Many people are contributing memories of “Famous Seamus.” I will not claim any great insight, and certainly no important interactions with the poet, although he, his wife, and I did wait on a freezing pitch-black Oxford winter morning for the bus to Heathrow, ca. 1990. This is the wife to whom he texted his very last words: “Noli timere” from the Gospel of Matthew:
And when the disciples saw him walking on the sea, they were troubled, saying, It is a spirit; and they cried out for fear.
But straightway Jesus spake unto them, saying, Be of good cheer; it is I; be not afraid. (Mathew 14:26-7)
I don’t think Heaney was identifying himself with Jesus. He was just recalling the Latin for “be not afraid” from his childhood of school and church. But he was an insightful reader of the New Testament, pointing out, for example, that it was Jesus’ bare act of writing that saved the “Woman Taken in Adultery.”
And again he stooped down, and wrote on the ground.
And they which heard it, being convicted by their own conscience, went out one by one, beginning at the eldest, even unto the last: and Jesus was left alone, and the woman standing in the midst (John 8:8-9)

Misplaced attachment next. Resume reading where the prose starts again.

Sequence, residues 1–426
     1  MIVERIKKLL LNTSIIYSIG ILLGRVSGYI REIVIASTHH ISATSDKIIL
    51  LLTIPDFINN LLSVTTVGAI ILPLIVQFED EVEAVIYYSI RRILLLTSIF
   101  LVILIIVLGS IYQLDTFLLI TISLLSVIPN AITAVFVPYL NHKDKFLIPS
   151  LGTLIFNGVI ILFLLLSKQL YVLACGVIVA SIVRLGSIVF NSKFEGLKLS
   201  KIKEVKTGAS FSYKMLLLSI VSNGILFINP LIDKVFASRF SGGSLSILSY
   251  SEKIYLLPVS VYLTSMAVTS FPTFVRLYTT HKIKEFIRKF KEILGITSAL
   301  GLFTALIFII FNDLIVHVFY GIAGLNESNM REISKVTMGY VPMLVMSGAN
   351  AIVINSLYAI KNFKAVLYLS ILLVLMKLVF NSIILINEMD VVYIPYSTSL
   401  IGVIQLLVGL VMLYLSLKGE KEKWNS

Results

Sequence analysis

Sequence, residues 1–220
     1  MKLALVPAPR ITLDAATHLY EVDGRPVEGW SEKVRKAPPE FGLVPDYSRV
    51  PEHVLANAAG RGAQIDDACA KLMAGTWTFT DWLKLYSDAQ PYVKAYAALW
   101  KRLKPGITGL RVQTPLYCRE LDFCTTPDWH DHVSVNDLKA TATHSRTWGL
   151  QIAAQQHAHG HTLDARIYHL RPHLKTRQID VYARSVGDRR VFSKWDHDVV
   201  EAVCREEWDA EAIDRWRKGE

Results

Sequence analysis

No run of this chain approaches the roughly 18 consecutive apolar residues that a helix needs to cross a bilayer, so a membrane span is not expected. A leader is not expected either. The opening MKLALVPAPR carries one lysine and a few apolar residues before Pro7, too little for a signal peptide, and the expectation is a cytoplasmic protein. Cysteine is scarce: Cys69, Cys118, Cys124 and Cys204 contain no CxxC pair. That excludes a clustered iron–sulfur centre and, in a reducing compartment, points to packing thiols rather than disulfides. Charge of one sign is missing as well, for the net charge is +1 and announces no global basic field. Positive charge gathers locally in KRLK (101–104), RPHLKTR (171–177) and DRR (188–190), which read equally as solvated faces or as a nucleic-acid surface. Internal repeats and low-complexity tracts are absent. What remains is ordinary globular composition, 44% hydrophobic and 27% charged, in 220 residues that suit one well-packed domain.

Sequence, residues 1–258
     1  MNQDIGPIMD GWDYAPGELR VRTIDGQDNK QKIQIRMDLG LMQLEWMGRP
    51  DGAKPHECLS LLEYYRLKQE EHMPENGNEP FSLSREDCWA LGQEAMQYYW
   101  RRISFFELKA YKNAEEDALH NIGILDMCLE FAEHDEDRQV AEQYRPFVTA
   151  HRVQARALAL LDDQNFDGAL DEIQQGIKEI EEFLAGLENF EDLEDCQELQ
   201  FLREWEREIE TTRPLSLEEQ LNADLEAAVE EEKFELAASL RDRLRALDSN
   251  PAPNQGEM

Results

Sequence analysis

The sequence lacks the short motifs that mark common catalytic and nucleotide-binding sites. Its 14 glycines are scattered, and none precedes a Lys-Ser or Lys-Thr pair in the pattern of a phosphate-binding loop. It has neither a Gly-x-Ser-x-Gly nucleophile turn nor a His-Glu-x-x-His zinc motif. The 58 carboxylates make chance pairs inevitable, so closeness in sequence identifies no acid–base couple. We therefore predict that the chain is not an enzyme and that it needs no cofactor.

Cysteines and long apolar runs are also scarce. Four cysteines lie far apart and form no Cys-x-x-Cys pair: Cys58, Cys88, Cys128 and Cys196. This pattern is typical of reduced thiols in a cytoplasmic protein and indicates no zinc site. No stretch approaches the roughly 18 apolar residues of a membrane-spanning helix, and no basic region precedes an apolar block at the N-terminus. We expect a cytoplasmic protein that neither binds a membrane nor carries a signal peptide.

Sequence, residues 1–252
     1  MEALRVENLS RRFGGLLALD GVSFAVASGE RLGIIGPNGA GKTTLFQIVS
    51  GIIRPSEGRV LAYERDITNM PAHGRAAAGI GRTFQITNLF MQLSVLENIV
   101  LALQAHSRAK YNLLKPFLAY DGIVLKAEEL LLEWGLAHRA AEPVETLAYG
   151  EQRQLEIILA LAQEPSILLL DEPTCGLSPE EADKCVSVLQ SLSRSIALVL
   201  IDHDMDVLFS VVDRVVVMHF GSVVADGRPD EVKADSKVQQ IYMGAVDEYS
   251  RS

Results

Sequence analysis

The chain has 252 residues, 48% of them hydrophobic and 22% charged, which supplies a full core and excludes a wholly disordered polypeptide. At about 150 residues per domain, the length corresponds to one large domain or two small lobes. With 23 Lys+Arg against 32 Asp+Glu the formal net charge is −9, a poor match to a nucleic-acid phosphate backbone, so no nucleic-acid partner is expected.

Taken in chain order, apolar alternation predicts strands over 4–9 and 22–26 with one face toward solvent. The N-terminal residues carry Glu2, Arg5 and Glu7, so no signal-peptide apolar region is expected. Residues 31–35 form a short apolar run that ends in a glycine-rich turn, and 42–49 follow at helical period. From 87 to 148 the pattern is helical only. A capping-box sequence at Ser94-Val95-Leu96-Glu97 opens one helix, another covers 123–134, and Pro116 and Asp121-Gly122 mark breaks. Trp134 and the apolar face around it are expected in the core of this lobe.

Heaney said that poetry, like Jesus’ mysterious and quiet writing, “holds attention for a space, functions not as distraction but as pure concentration, a focus where our power to concentrate is concentrated back on ourselves.” Poetry puts us in the “Republic of Conscience.”
People seem to like my discussion questions prompted by Heaney’s magnificent poem of that name. That post has had 1,300 unique visitors, including a burst of readers just lately. I first heard “The Republic of Conscience” in the soft Irish lilt of Mary Robinson, formerly president of Ireland and UN High Commissioner for Human Rights, who read it at a conference. It belongs to Amnesty International because Heaney gave AI the copyright. Looking back over my blog, I also find that I’ve reviewed Heaney’s translation of Beowulf, quoted his commentary on terrorism from his Nobel Lecture, quoted him on the liberating power of poetry, and ruminated on what it would really mean to live in a republic of conscience. That is a fair amount to have written about one poet on a civics blog, so I am satisfied I have done my bit to memorialize this great man.